Business strategy gets graphic

Author: 
Paul Nolan

As CEO of the Strategic Thinking Institute, Rich Horwath works with managers at companies such as FedEx, Google and FOX TV to help them understand the importance of landing on a strategy that everyone in an organization understands and can work to achieve. Now he has put those lessons into a graphic novel, “StrategyMan vs. The Anti-Strategy Squad.”

SMM: Why a graphic novel business book?

Horwath: Ten years ago, I remember sitting in the movie theater watching “The Dark Knight,” Christopher Nolan’s adaptation of the “Batman” comic book franchise. Halfway through the movie, I thought to myself, why can’t I do something this engaging and entertaining? Why does strategy have to be dry and textbookish? That was the moment I said, “What if, instead of a Batman, we created a StrategyMan?”

SMM: Is this a different way of learning for what many would view as a button-down audience?

Horwath: One of the things that I’m always talking with sales and marketing leaders about is that strategy depends on differentiation. How are you unique in a way that your customers value? As I thought about this idea of the graphic novel, it struck me this would be a unique approach, and a valuable approach. Ninety-nine percent of business books are geared toward verbal learners, and as we know, a lot of people are visual learners. I realized that a graphic novel approach to strategy would be tailored to both the visual and the verbal learners.

The other interesting piece of research I came across is that students remember character-driven stories six to seven times better than ordinary words. I figured if we could package strategy and some of the key concepts and tools in a character-driven story, it would give people a lot better chance to remember and use strategy more than once a year, which is typically what most people do.

SMM: The content is meaty. Is it content you have provided in previous books that is repackaged, or is it new information?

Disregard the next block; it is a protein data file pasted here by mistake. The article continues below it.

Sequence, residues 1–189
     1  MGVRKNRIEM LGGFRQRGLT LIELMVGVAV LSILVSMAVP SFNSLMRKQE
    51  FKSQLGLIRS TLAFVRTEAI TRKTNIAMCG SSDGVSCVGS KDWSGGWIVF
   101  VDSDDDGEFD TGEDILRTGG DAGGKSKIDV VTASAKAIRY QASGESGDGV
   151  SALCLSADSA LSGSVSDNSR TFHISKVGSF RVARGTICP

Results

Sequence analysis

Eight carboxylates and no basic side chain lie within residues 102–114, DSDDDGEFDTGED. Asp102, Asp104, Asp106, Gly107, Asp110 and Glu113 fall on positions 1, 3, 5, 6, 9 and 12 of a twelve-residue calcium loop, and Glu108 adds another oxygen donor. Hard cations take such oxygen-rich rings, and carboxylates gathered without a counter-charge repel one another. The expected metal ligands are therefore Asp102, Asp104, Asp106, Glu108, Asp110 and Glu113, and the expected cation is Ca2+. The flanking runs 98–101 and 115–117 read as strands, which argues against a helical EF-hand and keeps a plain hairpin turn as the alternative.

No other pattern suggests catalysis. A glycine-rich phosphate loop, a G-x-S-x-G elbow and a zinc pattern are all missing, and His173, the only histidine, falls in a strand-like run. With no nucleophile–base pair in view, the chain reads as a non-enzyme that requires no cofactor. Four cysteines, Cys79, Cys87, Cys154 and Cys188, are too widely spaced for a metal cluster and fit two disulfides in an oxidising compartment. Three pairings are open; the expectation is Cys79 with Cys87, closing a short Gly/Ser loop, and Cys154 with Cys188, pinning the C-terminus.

Horwath: There is a lot of new research that went into this book, specifically two studies. One was a study with 400 learning and development leaders, who typically will design the training for sales and marketing managers. I wanted to understand from them what they were seeing out there and what they needed. Learning and development leaders said the No. 1 skill set that senior leaders need to have in order to advance in their careers is strategic thinking.

SMM: You create villains, but your message is really that company leaders are often their own worst villain, right?

Horwath: That’s a great way to put it. In fact, Bain & Company did research showing that 94 percent of executives said internal dysfunction was the biggest barrier to continued profitable growth for their company. The internal dysfunction that most companies have – things like bad meetings, silos, fire drills – those things are self-inflicted wounds. I thought if we could personify the top 20 strategy challenges as villains, it would give people a common way to talk about these internal challenges and then provide some tips and techniques to overcome them.

SMM: Is this a read from front to back type of book?

Horwath: My hope is that the story would be engaging enough where some people would do that. Because each chapter ends with a practical tool for people to apply to their business, the hope would be that people will go back and use this as a resource.

The main reason I wrote it is my research and other research shows that less than half of organizations have a common understanding of strategy. Bad strategy is the No. 1 cause of business failure. If you look around the room and the sales team and the marketing team and the HR team don’t have the same vision about strategy, and they’re not talking to each other effectively about strategy, then the chance their business is going to fail is much greater. The hope is that by reading “StrategyMan,” people will pick up tools and techniques that help them navigate and develop better strategies so they can not only survive, but thrive in the long term.

SMM: The writing process had to be completely new to you. Was it difficult?

Horwath: The big challenge was being able to provide dialogue that was content driven, but at the same time is engaging and follows a story path. I created a visual map of the story and basically started at the end. Asked, “where do we want things to end?” and worked my way back.. My hope is that, moving forward, sales and marketing managers will adopt the villain names as they see some of these internal challenges and be able to course correct in a way that gets people engaged to provide their business with a good foundation for success.

“StrategyMan vs. The Anti-Strategy Squad” will be published in September by Greenleaf Book Group.